A service that runs at regular intervals is a much wanted feature in any web application. It is more so if it is one that can be managed with user configured parameters and without having to reboot etc. JIRA offers a mechanism to add new services on to it that runs at regular intervals after every start-up. It lets us do things related to JIRA and things independent of it. It lets us integrate with third party applications. It lets us do wonders!
There are built-in services in JIRA. Export Service, POP Service etc to name a few. Here we are going to see how we can add a custom service on to JIRA
I thought I would attack this topic next given its growing popularity in the forums !. So why is this so popular? The context is pretty much given in the earlier tutorial for creating a SOAP client.
There are at least a couple of ways for extending the given, out of the box SOAP capabilities of JIRA. Those will be writing an RPC plugin (thanks to JIRA for giving that option) and re-building the RPC plugin.
There are so many user stories for this one! How do you override some of the JIRA built in actions? How do you do some additional stuff in the JIRA built in action? Like doing some crazy things immediately after creation before the page return to the user? Or doing some innovative validations on some of those actions? Or do what is asked in this thread ?
Here is the simple answer to all those questions. Extends the JIRA actions using the webwork plugin module. There could be some alternatives in few cases (like handling it in a listener) but not always.
We have seen how to write a custom field in one of the previous tutorials. Writing the field is one thing but making it available to one of the JIRA's most powerful functionality, i.e. Search, is another!
So how do we do that? In most cases, you wouldn't need a custom searcher. Instead you can use the built in custom field searchers in JIRA itself. The list includes, but not restricted to, Text Field Searcher, Date Searcher, Number Searcher, User Searcher etc.
Creating an Issue in JIRA from other applications, like custom built UI for instance, is a common behaviour. It is pretty easy because JIRA provides us with the SOAP or XML/RPC interfaces. SOAP is recommended as it supports more operations which you might be using along with the Create!
Creating a JIRA SOAP client is pretty easy and is detailed in my previous tutorial. I am going to assume that you have the client created and a sample test done to ensure you are connected to your JIRA.
It is very obvious! If you are reading this, you must be knowing how important it is to have an external interface for JIRA and how Atlassian helps by providing a SOAP interface. In an enterprise, or even in small companies for that matter, we often end up integrating JIRA with multiple systems. Creating a SOAP Client is a recommended and easy solution in such scenarios.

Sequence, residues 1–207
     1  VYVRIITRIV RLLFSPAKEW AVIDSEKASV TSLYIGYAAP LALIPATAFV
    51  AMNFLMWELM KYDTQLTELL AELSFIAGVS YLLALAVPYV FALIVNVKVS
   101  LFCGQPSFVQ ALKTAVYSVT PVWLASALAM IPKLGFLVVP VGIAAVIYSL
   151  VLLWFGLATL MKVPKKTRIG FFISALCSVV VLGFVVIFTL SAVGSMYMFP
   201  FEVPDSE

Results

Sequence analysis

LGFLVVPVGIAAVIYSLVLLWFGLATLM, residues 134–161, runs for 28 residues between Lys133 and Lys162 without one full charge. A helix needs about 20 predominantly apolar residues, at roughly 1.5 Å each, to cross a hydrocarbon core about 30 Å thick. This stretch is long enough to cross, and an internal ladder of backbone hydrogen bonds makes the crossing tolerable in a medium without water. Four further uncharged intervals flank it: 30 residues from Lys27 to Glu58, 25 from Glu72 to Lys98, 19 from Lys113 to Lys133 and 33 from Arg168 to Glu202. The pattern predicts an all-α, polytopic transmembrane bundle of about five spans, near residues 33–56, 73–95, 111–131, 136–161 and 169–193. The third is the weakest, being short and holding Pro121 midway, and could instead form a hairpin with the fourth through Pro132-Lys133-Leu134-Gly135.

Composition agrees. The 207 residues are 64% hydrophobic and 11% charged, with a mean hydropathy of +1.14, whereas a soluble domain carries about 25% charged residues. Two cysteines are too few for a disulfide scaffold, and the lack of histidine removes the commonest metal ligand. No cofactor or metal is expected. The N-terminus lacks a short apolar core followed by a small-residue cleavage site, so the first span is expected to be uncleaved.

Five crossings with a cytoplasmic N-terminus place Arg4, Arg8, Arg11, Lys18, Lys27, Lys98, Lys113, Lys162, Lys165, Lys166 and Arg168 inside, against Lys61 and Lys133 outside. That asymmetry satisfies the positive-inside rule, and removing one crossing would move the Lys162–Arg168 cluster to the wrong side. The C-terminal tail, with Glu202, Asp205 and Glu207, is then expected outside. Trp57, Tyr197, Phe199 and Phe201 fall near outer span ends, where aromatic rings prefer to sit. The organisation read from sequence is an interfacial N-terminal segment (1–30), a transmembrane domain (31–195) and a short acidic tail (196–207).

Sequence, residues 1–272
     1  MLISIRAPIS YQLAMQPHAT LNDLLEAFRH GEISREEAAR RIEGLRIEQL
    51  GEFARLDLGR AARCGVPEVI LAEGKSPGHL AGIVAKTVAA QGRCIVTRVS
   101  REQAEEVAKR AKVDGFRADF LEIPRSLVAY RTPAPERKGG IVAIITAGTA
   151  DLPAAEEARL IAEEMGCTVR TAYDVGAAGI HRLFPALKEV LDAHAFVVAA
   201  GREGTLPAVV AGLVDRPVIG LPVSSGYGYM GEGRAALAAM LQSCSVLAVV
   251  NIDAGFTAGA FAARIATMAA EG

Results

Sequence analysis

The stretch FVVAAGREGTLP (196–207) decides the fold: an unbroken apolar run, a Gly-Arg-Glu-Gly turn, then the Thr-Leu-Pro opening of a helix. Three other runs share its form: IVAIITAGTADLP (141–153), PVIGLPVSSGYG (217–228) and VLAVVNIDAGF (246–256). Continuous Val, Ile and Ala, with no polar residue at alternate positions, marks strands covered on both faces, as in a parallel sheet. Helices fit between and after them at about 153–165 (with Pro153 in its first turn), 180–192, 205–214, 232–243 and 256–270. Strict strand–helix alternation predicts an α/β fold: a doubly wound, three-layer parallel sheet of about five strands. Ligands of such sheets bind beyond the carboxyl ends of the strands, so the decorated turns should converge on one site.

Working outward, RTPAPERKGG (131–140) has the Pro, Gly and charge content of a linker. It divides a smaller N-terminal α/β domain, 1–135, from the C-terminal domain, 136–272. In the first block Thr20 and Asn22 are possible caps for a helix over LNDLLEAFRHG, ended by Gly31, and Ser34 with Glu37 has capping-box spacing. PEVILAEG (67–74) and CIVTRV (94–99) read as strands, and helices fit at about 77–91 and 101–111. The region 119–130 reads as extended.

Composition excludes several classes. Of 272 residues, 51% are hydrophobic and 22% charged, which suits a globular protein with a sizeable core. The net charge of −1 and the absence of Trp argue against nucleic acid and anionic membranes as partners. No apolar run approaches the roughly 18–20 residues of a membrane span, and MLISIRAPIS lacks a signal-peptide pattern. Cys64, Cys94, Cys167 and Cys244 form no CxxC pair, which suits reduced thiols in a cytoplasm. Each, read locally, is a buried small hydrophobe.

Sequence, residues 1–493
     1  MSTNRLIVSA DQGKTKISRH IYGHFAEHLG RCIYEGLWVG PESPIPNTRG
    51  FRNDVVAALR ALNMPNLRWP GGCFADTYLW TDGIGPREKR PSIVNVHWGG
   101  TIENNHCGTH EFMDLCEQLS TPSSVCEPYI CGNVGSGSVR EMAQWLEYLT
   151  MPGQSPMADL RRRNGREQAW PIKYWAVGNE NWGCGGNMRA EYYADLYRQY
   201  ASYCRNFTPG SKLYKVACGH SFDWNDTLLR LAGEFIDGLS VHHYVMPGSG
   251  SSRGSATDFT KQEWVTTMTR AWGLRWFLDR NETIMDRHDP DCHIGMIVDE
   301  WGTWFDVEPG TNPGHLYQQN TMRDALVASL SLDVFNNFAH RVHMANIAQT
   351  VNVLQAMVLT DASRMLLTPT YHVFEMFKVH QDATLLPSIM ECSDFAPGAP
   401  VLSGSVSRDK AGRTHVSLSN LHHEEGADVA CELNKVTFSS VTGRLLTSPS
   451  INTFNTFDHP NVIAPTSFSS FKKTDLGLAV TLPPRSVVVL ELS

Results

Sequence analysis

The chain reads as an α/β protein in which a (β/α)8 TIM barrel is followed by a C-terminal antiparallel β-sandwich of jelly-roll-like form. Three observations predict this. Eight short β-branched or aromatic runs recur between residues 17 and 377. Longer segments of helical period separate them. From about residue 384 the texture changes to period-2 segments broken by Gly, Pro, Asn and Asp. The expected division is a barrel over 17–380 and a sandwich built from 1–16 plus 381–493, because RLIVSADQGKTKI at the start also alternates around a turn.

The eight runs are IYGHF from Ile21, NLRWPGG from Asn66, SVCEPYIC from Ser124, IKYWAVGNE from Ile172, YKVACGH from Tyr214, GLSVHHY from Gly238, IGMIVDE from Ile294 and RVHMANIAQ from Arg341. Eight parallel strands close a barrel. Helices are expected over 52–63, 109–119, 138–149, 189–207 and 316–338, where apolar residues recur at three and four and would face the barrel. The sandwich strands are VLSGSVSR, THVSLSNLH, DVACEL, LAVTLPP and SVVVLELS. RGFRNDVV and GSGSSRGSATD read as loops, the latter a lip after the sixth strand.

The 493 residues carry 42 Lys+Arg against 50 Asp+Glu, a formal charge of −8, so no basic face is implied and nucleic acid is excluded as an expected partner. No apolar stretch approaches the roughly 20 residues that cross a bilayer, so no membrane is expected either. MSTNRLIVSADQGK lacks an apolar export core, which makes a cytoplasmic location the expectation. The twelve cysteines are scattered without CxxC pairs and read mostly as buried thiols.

In fact, JIRA enables remote access through both SOAP and XML-RPC. SOAP is recommended because it covers more operations!
In this tutorial, let us have a look at workflow validators. If you have gone through our workflow post function and condition tutorials, this should be damn easy!
Workflow validators are specific validators that checks whether some pre-defined constraints are satisfied or not while progressing on a workflow.The constraints are configured in the workflow and the user will get an error if the same is not satisfied. A typical example would be to check if a particular field is present or not before the status of the issue is moved to a different status.
In this tutorial, We attempt to take you through creating workflow conditions. If you have gone through our workflow post function tutorial, it going to be a breeze!
So what are workflow conditions? They determine whether a workflow action is available or not. Considering the importance of workflow in installations and how there is a need to restrict the actions either to a set of people, roles etc or based on some criteria (Eg: the field is not empty!), writing workflow conditions is inevitable.
Hope you all enjoyed the custom field tutorial! If you haven't got a chance and is interested, have a look here.
Let us now look at workflow post functions. Workflow post functions are very effective and heavily used. They allow you to do a lot of things when you progress on the workflow on an issue. Lot of customizations and work arounds take this route! And hence I am hoping this tutorial will help you wee bit in getting there!!
Well, I have chosen this as the first topic because of the most obvious reason. This is what most of the people will start with. That is one reason why there are lot of customfield plug-ins around! No matter how many are there, you will need a new type. You always do!
Given the context, let me make a huge assumption - You know how to create a skeleton plugin! If not, go to here and do it before you continue!